As the start of school fast approaches, the
— who normally look forward to their kids getting back into a school routine — are spiking.
Not surprisingly, those commercials from Staples declaring back to school as
have not been playing at all, let alone constantly as in years past.
Just how worried, however, should parents be about COVID-19 affecting their child or children’s health?
In short — not very. Let’s let the numbers do the talking to start.
According to the federal government’s
as of Aug. 16, Canada has had 122,087 confirmed cases of COVID-19 — with 9,026 deaths for a death rate of 7.4 per cent.
Only 9,909 children under the age of 19 have tested positive for COVID in Canada and one child has passed away. The death of any child is a terrible tragedy. However, the only thing we know about this particular child is that she was female. We don’t know her age, whether she had underlying medical conditions. Nothing.
On the government website, the death rate for Canadians 19 and under is listed as zero per cent or 0.010 per cent, according to my calculations.
Dr. Stephen Freedman, a professor of pediatrics and emergency medicine at the University of Calgary, says when you consider that the COVID infection rate is likely
greater than that confirmed by testing, it’s more like the death rate in Canada for kids under 19 is one in 100,000 or 0.001 per cent.
“We know, in general, that children often — even when they are infected with COVID — do not develop symptoms,” said Freedman. “And those who do develop symptoms tend to be extremely mild.
“I’m looking at this from a global level, so when you ask the question, ‘How safe is COVID-19 for kids?’ In the grand scheme of things, it’s very safe. Children rarely have complications when they’re infected with COVID.
“The big concern for parents should be their own health as well as the health of other at-risk individuals or high-risk individuals. So grandparents, for example, immunocompromised individuals whether they’re in the house or they come in contact with the children.
“At a public health level, we worry a lot about spread in the community. So if all of a sudden lots of children get sick and they have mild symptoms, who are they going to give it to? That becomes a big question.”
When you consider that most parents with school-aged kids tend to be on the younger side, there’s not much risk there either.
According to the federal government’s figures, only nine people between the ages of 20 and 29 have died from COVID-19 in Canada, with a total of 84 spending time in the intensive care unit. For those between the ages of 30 and 39, there have been 11 deaths and 115 who spent time in the ICU. For those aged 40 to 49, there have been 50 deaths. Again, all of these deaths are tragic, but when you factor in that the infection rate is likely much higher than those who have been confirmed, the risk for young parents of young children is virtually nil.
Freedman wants to make it clear that this “doesn’t mean we should encourage children to get sick because your child still might be sick with a runny nose, a cough and a fever and no parent wants that for their child.”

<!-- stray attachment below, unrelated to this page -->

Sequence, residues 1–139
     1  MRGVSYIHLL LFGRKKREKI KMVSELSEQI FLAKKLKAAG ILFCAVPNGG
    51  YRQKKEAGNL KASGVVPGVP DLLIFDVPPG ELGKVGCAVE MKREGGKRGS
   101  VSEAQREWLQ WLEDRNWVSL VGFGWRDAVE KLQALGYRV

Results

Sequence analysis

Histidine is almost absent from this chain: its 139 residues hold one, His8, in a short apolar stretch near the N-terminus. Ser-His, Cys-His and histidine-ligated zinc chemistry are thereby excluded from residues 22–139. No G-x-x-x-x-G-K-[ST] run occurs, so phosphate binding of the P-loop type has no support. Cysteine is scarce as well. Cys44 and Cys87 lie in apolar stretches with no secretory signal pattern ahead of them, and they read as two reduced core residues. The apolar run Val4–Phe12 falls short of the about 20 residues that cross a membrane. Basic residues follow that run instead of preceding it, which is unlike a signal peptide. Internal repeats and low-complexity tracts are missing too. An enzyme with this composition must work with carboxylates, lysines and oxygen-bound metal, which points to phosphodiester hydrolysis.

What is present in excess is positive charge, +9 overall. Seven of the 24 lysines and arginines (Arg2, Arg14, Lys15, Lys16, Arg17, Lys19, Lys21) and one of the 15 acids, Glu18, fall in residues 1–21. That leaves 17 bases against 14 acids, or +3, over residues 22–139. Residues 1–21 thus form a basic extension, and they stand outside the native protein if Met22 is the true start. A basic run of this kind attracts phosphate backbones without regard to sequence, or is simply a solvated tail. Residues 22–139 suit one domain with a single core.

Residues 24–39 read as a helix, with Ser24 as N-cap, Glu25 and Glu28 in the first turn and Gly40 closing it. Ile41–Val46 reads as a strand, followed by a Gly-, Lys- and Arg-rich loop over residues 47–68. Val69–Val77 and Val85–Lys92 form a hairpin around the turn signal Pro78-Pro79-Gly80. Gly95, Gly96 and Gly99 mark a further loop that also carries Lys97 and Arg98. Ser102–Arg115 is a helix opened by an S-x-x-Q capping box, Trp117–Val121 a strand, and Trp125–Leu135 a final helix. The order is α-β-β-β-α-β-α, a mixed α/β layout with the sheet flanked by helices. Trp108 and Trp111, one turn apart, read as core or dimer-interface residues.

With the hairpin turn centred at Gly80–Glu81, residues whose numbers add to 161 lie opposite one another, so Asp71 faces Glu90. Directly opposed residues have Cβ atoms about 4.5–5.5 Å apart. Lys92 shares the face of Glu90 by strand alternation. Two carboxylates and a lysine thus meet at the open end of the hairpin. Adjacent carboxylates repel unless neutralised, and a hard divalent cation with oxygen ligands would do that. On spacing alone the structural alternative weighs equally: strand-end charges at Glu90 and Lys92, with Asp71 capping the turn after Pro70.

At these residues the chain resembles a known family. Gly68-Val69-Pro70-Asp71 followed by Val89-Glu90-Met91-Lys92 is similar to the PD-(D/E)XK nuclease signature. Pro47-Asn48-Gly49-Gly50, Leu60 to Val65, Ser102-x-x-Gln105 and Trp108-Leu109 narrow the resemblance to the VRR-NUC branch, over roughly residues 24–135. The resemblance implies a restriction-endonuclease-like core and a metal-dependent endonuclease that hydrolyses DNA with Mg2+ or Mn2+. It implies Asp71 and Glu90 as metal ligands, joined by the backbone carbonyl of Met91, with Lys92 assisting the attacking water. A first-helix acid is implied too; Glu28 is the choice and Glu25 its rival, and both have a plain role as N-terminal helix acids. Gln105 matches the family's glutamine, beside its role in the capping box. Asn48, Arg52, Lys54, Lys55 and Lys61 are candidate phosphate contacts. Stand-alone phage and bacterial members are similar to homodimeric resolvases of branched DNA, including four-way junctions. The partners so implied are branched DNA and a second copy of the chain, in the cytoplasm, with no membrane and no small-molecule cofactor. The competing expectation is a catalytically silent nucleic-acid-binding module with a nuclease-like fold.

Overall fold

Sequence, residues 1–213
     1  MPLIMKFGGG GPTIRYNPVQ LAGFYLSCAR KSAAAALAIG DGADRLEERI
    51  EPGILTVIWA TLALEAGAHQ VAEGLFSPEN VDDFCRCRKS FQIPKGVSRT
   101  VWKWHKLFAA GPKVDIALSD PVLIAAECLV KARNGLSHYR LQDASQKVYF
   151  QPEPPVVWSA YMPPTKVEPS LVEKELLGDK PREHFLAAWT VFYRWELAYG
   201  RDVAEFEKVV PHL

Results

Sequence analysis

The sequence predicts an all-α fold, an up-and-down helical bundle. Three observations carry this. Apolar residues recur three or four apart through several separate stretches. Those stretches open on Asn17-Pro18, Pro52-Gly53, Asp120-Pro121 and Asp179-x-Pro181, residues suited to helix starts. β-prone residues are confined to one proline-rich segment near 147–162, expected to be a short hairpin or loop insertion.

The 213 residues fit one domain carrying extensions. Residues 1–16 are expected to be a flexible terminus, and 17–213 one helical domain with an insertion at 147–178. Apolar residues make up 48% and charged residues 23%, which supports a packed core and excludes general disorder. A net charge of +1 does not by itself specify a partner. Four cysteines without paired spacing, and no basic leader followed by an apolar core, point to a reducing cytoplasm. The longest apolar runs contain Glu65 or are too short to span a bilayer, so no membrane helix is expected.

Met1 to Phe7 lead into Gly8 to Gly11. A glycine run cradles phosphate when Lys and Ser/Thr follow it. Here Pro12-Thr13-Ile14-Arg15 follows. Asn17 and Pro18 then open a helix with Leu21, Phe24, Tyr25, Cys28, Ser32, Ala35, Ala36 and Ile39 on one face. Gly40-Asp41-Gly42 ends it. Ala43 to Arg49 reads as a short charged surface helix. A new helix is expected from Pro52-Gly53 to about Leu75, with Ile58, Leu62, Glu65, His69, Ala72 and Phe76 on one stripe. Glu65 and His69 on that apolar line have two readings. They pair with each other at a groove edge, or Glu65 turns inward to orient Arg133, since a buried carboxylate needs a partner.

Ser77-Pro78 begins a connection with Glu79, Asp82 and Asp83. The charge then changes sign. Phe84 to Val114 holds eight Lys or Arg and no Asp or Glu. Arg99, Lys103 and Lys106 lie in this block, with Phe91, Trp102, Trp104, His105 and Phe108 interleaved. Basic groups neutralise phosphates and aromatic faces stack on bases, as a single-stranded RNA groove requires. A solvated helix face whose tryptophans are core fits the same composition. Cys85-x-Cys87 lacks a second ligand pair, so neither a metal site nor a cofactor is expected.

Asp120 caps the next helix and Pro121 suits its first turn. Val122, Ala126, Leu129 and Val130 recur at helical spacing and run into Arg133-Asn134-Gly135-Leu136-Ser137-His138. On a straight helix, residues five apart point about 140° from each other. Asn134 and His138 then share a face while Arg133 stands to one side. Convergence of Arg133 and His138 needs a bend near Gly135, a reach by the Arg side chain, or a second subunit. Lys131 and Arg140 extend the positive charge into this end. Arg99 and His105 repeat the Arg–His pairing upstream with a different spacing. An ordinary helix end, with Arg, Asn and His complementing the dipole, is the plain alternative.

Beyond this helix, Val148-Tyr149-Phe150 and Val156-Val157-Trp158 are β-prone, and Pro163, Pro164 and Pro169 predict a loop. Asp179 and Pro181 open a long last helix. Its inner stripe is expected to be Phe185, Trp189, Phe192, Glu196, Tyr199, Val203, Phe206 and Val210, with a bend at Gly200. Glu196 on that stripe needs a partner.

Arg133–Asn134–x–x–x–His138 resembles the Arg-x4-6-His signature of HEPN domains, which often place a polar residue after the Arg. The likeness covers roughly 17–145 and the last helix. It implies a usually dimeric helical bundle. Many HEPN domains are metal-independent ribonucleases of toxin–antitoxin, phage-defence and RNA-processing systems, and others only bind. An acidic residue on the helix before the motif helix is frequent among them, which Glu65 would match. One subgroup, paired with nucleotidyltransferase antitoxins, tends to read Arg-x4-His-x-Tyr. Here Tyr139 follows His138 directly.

Fair enough. But the lesson in panic that seems to be overtaking the back-to-school story all over the world really needs to be put into perspective.
“One of the big worries to a lot of parents is, what if your child can’t go to school for two weeks because they’ve gotten infected?” asks Freedman. “How are you going to manage that if you are a single parent working outside of the home or both parents work outside of the home. Who’s going to be at home?”
It’s not likely to be grandma or grandpa, since the older you get the more deadly this disease gets.
“We worry about the child getting infected, but not because of their own health,” reiterates Freedman. “The child is most likely to experience a mild, short-lived illness or even be asymptomatic, but it’s really who they’re going to give it to.”
As we know, however, other factors have to be weighed off against the purely physical risk of COVID-19. Is there a risk to a child’s mental health, social development and long-term educational outcomes by staying at home?
Experts say yes.
“The social isolation is very challenging for the family — for the children, for the parents and everyone’s mental health and well-being — there’s no doubt about it,” says Freedman.
“How to quantify that is very, very difficult. And then how do you balance that with their education, with their socialization, with the risk of being exposed to COVID? There’s no single metric or measure that can do that.
“We’re definitely seeing a large number of children presenting with mental health concerns,” says Freedman, who works out of Alberta Children’s Hospital in Calgary. “We don’t have data yet that I have seen to say it’s higher than it has been in previous years, but our suspicion in some of our anecdotal reports of that is it’s higher than previously. It’s reasonable to say that I think clinicians are seeing an increase in the number of cases.”
The mental health and educational outcomes of kids has to be weighed along with the risk of catching COVID.
As an older mom of twin sons who are now 23 — one of whom has asthma — I have wondered how I might have responded to the return to school had I faced this. My husband and I have discussed it and we would have sent them back into the classroom because missing out on their education would be a bigger risk to their lifelong well-being than catching COVID. Nothing worth doing in life is without risk. It’s a matter of weighing and balancing those risks. The simple arithmetic indicates that most Canadian kids should return to school come September.
Licia Corbella is a Postmedia columnist in Calgary. [email protected]
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